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Examining Tavierre Dunlap’s journey to Ann Arbor, outlook for the future

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Dunlap joins a crowded backfield but could carve out a role.

COLLEGE FOOTBALL: NOV 21 Michigan at Rutgers Photo by Rich Graessle/Icon Sportswire via Getty Images

Tavierre Dunlap joins a Michigan running back room that this year will comprise Hassan Haskins, Blake Corum, and Donovan Edwards. All things considered, that is a solid stable of backs. Since the arrival of Josh Gattis, the Wolverines have preached the “Speed in Space” mantra. However, Dunlap is more of a traditional, third-down running back. Only time will tell how Dunlap’s role will evolve as he competes with an established starter (Haskins), an electrifying speedster (Corum), and a heralded five-star (Edwards) entering the fold.

The story so far

247Sports ranked Dunlap just outside the top 400 in the class of 2021. They had him pegged as the number 20 running back and the 58th ranked prospect from the state of Texas. For context, Dunlap’s incoming backfield mate Donovan Edwards is ranked as the number 41 overall prospect and the third-best running back. Both have the potential to carve out a role in Ann Arbor.

Michigan earned his commitment by beating out Mike Gundy and Oklahoma State. Dunlap had a lengthy offer sheet featuring several Big 12 schools, several Pac-12 schools including USC and UCLA, and a handful of Big 10 teams such as Nebraska, Michigan State, Minnesota, and Purdue. He also held an offer from Notre Dame.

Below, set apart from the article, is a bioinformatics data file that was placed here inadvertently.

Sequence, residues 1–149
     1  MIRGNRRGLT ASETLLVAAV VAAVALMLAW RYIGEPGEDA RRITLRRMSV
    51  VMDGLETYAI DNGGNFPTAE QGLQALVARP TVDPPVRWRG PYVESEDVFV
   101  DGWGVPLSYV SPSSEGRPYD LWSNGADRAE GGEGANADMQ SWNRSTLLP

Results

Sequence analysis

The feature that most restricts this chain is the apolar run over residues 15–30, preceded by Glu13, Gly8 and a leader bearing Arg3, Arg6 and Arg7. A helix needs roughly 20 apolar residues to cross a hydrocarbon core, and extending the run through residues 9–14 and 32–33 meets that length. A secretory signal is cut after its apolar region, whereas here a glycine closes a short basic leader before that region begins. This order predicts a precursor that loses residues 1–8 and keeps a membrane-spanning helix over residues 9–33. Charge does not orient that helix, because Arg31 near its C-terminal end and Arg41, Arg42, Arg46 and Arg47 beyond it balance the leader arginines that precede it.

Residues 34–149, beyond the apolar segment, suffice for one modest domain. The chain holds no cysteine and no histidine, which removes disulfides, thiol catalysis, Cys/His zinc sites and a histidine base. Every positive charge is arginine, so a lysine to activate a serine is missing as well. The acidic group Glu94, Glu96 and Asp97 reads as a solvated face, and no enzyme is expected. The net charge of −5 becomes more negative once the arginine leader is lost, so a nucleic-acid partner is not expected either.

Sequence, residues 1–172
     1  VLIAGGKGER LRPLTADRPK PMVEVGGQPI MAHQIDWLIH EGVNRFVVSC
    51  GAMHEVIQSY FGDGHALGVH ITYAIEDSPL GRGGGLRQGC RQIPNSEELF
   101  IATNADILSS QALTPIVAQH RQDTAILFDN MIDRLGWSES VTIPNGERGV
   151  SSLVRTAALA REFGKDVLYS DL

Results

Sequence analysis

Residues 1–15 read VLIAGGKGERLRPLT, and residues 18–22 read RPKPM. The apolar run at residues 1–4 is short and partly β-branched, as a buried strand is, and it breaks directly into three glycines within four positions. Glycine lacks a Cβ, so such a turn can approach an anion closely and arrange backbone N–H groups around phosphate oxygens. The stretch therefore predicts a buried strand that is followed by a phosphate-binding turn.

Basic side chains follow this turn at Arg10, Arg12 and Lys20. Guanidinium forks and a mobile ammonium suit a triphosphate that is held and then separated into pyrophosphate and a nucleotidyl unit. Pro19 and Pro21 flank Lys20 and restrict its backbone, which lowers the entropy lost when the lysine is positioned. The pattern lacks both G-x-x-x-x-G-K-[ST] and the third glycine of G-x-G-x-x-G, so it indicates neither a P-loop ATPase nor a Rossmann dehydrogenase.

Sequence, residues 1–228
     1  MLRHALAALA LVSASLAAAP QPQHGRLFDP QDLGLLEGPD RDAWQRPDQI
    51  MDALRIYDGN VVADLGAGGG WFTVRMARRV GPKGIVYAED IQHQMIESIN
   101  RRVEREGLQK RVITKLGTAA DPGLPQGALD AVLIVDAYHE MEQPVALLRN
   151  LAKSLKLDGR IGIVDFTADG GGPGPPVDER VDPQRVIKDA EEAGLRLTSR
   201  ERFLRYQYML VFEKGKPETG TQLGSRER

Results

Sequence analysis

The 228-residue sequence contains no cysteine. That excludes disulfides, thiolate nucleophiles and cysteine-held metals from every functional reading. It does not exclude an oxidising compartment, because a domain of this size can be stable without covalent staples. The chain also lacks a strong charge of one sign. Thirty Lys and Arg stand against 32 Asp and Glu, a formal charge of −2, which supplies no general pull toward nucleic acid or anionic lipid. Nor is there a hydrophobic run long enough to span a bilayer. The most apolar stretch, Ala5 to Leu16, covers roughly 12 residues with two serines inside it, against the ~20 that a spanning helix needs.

Officially listed at 6’0” and 196 pounds, Tavierre is expected to put on some pounds and become more of a power back at Michigan. Gabe Brooks from 247Sports evaluated his high school play as the following:

Good size for a back with frame to play in the 220 neighborhood. Terrific north-south hole puncher with requisite long speed to hit the home run. Verified 4.63 40 as a sophomore. Adequate PR in the 100 meters at 11.23 as a sophomore. Plays as fast or faster on the field. Run finisher who uses size and top-end speed to his advantage. Dangerous if he gets loose at the second level. Good production with improved yards per carry and pass-catching as a junior. Gears down at times when changing directions. Can improve short-area lateral fluidity to maximize elusiveness. Not the type to string moves together in the open field. Power Five running back at his best getting north-south or in one-cut situations with juice to hit the long ball. Projects to the high-major level with multi-year starter potential and ceiling beyond college.

Outlook moving forward

While it’s easy to overlook Dunlap because of the commitment of Donovan Edwards, you would be making a mistake if you think he’s purely a depth play. Dunlap packs some punch and has a role waiting for him as the power back once Hassan Haskins departs. Josh Gattis has used the ‘thunder and lightning’ approach of late by mixing in power and speed backs. Dunlap appears to be the ideal power back as he is a strong, decisive runner with a good burst through the line.

Jim Harbaugh has made a living by spreading the wealth at running back with regards to playing time. Some have argued that this brings negative results as no one back can get in a rhythm. This may have even been a cause for the Zach Charbonnet transfer. With that being said, there is certainly reason for optimism for Tavierre Dunlap. I don’t expect him to see the field more than an occasional snap in his freshmen year. However, once Haskins departs and Dunlap becomes an upperclassman, he seems to be exactly the type of back that can get third-down and goalline type carries.